There must be an invasion of the legal right of the owner of the dominant tenement sufficient to amount to a nuisance in order to give him a right of action; and as long as he receives through the windows of his dwelling house, or, in the case of a particular room in his dwelling house through the windows of that room, an amount of light which, to use the words of James, L.J. in Kelk v. Pearson (1871) 6 Ch. 809, is sufficient 'according to the ordinary notions of mankind for the comfortable use and enjoyment' of his dwelling house or of the room in it, as the case may be, no nuisance has as regards him been created and no legal wrong has been inflicted upon him.

5. A case of this kind is governed by Section 35, Easements Act, according to which, subject to the provisions of Sections 52 to 57, Specific Relief Act, an injunction may be granted to restrain the disturbance of an easement where the disturbance is only threatened or intended (as in the present case) when the act threatened or intended must necessarily, if performed, disturb the easement. Though the word used in this section, namely disturb may not prima facie appear to connote a tort or civil wrong, it is clear from the ruling in Framji Shapurji v. Framji Edulji (1906) 30 Bom. 319, that the word 'disturb' found in this section must mean an illegal obstruction or, in other words, an obstruction in respect of which a suit would lie. It would therefore follow that whether the act in question has been committed or only threatened or intended, there must be a right to sue or, in other words, there must be a civil wrong before any injunction can be granted just as there must be a right to get damages before an injunction can be granted. Damages and injunction are two remedies alternative in character given in respect of the same wrong, namely, an infraction of the legal right by way of easement; and such an infraction takes place only when the deprivation is such as to amount to a nuisance. It appears to me that in this case the plaintiff has really not established the fact that the proposed wall would amount to a nuisance or that the deprivation of light and air which it would cause would amount to a nuisance. Even otherwise, the plaintiff has to show before he can succeed in this appeal that the trial Judge has exercised his discretion wrongly in refusing to grant an injunction. It does not follow that, even if the trial Judge was of opinion that the plaintiff was entitled to substantial damages, he must have been necessarily granted an injunction. The matter is one of discretion.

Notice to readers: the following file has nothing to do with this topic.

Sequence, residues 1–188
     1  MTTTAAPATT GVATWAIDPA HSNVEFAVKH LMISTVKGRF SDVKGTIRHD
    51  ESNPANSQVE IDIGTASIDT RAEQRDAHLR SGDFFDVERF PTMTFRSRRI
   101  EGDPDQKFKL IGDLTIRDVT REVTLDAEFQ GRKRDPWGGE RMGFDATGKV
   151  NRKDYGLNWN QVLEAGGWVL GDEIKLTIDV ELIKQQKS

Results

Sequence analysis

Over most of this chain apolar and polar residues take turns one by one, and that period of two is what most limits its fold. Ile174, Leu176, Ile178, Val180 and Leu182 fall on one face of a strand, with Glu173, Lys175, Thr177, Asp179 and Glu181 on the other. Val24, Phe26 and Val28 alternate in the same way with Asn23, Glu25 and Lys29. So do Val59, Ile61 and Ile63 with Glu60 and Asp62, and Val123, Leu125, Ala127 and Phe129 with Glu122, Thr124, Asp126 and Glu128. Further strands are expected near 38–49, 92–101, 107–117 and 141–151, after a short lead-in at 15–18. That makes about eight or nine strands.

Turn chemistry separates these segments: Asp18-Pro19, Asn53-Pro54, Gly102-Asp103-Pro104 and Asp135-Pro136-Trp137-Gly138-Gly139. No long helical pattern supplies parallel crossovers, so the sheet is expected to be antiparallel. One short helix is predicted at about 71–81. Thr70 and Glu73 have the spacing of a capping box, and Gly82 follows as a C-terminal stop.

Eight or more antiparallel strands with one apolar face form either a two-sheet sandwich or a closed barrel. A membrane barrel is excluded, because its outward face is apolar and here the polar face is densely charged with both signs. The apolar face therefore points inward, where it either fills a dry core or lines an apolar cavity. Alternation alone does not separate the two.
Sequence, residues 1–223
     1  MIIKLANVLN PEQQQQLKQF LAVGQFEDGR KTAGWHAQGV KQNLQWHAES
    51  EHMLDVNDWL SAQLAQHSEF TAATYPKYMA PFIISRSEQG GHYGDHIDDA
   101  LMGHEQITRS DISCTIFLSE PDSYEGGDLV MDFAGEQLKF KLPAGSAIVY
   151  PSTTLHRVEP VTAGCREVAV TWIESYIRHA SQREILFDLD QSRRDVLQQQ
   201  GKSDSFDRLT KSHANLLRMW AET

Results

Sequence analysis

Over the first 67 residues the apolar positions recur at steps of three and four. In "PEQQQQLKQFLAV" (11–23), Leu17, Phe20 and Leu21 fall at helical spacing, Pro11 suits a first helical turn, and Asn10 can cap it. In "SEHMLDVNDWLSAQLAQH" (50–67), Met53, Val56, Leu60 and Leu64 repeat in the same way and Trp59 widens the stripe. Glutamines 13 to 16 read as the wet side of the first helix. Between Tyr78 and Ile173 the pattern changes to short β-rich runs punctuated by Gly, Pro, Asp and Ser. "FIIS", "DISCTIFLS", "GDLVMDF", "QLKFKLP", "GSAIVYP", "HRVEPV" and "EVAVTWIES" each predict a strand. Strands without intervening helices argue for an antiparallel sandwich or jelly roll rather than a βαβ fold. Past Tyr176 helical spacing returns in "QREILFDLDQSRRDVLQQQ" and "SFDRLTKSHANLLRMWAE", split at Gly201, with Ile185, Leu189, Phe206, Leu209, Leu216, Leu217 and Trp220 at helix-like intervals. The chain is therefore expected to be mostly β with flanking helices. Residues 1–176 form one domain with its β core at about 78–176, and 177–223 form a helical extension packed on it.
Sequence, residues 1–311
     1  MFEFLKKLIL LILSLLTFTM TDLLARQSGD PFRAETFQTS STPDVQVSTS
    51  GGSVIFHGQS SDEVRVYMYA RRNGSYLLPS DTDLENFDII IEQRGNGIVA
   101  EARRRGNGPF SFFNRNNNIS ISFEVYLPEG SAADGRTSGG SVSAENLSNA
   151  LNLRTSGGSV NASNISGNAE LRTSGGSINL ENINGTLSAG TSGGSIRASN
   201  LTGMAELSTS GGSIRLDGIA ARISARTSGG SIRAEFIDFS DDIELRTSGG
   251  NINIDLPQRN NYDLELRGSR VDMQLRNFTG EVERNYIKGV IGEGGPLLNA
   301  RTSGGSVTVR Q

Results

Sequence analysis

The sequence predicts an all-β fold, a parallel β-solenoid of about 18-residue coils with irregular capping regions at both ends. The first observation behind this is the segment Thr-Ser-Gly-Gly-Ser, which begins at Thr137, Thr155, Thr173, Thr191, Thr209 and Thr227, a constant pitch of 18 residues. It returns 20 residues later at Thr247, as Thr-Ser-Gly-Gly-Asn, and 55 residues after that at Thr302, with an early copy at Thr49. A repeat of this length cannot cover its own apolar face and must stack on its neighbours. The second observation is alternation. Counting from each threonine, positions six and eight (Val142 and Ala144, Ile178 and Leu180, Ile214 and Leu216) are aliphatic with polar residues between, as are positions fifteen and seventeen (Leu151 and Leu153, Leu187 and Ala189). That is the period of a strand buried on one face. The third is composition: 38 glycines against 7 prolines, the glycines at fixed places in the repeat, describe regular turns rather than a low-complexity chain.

6. The question is, can it be said that he exercised his discretion wrongly? He was of opinion that where damages would be an adequate remedy no injunction should be granted and he relied on Section 56, Specific Relief Act. It would appear that in relying on Section 56, Specific Relief Act, the trial Judge had in his mind Clause (i) of that section which is to the effect that when equally efficacious relief can certainly be obtained by any other usual mode of proceeding, except in the case of breach of trust, an injunction cannot be granted. This view has-been also adopted in a recent case in Pazun Daung Bazar Co. Ltd. v. Ellenman's Arracan Rice and Trading Co. Ltd. 1934 Rang. 144, where it has been stated that in this respect the law of India differs materially from the law of England and that a Court in India is not concerned with the conduct of the-defendants but only with the question whether the invasion of the plaintiff's right is such that pecuniary compensation would not afford adequate relief. I would also add that apart from Clause (i), Section 56, Specific Relief Act, Clause (g), also would apply to the present case in my opinion, for am not at all satisfied; that in this case the proposed wall would amount to a nuisance if built though it would to some extent be inconvenient and diminish to some extent the light and air that is now available to the inmates of the plaintiff's house. In these circumstances I am of opinion that the plaintiff appellant has failed to show that the trial Judge was wrong in refusing to grant an injunction as prayed for by him. The appeal therefore fails-and is dismissed with costs.